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Prince Charles a fan of things green, says UC royal expert

Prince Charles a fan of things green, says UC royal expert

November 15, 2012

A University of Canterbury (UC) royal expert says he is hardly surprised Prince Charles and the Duchess of Cornwall will visit the 150th Canterbury A & P Show in Christchurch tomorrow.

UC Professor David McIntyre said when Charles goes on regional tours in the United Kingdom he makes a point of visiting green farms to find out what is going on and to encourage the farmers.

But Professor McIntyre said being heir to the throne was a very difficult position for Charles to be in.

``He can’t appear to be competing with his mother and he never tries that. He has managed to carve out various niches for himself as a pioneer of green issues and the Prince’s Trust finances many worthy enterprises that have been helpful to people with problems.

``He’s also been honest in letting people know that he didn’t like the tough boarding school his dad sent him to and he didn’t impose that on his kids.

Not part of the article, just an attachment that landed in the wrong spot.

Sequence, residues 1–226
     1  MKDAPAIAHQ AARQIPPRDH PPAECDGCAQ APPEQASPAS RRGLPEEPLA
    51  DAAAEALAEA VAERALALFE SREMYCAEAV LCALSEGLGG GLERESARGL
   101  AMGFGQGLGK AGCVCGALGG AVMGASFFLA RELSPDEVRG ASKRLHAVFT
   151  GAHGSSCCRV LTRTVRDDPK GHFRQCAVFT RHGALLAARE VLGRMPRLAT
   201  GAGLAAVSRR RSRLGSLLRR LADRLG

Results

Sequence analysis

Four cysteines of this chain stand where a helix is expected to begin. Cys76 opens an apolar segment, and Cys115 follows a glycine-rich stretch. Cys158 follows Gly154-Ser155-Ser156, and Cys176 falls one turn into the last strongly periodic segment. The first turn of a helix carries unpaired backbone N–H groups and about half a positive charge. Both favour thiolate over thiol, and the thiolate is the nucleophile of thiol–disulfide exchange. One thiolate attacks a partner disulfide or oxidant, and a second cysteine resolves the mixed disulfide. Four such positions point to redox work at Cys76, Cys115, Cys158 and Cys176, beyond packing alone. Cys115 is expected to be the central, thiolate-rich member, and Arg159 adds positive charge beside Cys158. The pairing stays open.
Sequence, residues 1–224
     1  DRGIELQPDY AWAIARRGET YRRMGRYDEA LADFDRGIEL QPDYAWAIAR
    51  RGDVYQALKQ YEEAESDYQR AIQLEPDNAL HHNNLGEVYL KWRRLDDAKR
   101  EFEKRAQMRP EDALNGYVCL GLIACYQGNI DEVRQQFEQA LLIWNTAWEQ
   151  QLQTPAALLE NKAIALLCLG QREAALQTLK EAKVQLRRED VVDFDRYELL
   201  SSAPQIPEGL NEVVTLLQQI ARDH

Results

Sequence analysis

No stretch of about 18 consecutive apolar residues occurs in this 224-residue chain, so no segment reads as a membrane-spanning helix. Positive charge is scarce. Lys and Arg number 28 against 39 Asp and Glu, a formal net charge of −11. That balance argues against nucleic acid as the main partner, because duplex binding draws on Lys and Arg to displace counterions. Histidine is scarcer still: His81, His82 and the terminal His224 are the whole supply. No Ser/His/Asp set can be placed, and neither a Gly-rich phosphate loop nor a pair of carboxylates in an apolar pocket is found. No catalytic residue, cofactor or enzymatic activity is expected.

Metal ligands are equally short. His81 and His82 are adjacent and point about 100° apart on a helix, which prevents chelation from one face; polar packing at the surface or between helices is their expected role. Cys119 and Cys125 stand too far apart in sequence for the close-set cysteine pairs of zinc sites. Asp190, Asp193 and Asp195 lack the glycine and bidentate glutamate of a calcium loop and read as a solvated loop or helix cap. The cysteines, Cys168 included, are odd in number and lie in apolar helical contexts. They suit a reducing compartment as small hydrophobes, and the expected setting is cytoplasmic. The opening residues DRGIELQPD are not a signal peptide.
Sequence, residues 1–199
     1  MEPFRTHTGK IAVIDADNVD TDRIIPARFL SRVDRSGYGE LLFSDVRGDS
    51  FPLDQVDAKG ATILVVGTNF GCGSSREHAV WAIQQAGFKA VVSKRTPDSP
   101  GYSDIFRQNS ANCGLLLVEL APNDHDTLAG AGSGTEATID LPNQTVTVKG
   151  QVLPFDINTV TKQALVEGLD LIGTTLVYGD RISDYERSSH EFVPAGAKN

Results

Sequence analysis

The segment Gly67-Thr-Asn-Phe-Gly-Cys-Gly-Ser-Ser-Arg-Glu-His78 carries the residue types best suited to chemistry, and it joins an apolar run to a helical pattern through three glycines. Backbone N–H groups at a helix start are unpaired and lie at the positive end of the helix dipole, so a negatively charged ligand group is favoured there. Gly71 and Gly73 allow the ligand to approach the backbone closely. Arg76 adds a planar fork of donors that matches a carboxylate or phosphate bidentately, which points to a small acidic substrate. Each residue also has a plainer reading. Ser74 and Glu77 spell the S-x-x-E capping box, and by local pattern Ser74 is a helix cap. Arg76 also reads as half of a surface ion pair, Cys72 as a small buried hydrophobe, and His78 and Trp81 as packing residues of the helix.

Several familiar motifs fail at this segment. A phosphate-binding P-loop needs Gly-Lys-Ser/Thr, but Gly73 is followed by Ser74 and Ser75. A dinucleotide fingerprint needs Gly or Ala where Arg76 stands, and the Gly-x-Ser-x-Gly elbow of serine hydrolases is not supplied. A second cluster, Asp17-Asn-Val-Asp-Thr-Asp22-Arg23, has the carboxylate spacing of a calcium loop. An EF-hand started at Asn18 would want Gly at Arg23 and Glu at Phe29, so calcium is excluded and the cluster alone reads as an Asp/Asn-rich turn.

``He is a little eccentric and once suggested that the monarch should be ‘Defender of Faiths’ rather than ‘Defender of the Faith’. He has created an elaborate garden at his home Highgrove which, among other things, utilises the sewage in a traditional way using various sorts of planting.

``But Charles commands a lot more respect these days. He used to be rather outspoken and say tactless things like his father. But he’s more low key and suitably boring these days. On the other hand, his sticking with Camilla is regarded by some people as one of the great love affairs of the century.

``He’s well-educated, has many interests, is quite a good artist, quite a pioneer on green issues, very innovative and an interesting gardener. He’s not very colourful; a bit stiff and dull (which can be a strength in some ways), and doesn’t take enough interest in the Commonwealth.

``Some commentators have suggested Charles should be skipped in favour of Prince William as king. The idea is complete nonsense. It would not be fair to either of them. And hereditary monarchy simply doesn’t work that way. The only way it could happen is for Charles to die first,’’ Professor McIntyre said.


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